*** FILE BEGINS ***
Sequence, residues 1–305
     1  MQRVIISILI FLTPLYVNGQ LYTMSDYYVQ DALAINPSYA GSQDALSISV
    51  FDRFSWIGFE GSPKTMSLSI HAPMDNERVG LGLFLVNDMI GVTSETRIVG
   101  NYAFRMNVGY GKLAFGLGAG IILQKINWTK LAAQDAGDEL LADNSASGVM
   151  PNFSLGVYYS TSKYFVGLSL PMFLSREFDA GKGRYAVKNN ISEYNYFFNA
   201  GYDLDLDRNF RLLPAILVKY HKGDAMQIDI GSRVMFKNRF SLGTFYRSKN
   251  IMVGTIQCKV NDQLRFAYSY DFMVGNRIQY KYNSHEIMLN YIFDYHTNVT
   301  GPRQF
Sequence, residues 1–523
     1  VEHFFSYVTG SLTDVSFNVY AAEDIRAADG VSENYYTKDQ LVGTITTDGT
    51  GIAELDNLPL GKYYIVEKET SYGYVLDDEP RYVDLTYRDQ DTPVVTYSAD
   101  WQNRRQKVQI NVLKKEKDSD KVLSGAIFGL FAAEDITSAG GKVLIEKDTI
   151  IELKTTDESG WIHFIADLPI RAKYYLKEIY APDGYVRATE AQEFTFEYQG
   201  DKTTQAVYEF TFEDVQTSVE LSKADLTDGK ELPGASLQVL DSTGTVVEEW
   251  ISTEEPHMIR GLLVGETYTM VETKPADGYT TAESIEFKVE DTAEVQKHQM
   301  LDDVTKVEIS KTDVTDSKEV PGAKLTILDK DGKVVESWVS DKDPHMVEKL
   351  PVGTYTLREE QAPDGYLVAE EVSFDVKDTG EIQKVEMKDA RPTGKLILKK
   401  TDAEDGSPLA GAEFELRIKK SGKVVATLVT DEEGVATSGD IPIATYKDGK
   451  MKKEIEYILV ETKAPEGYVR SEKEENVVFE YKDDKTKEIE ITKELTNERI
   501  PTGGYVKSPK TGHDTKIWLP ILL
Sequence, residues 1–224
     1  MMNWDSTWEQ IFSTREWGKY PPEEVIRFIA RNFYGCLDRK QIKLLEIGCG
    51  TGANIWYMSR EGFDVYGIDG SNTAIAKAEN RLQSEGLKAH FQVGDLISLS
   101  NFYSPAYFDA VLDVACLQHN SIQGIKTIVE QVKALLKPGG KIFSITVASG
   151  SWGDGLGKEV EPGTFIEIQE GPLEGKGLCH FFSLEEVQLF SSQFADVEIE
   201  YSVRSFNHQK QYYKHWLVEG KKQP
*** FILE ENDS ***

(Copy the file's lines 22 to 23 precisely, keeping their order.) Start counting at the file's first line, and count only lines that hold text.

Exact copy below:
     1  MMNWDSTWEQ IFSTREWGKY PPEEVIRFIA RNFYGCLDRK QIKLLEIGCG
    51  TGANIWYMSR EGFDVYGIDG SNTAIAKAEN RLQSEGLKAH FQVGDLISLS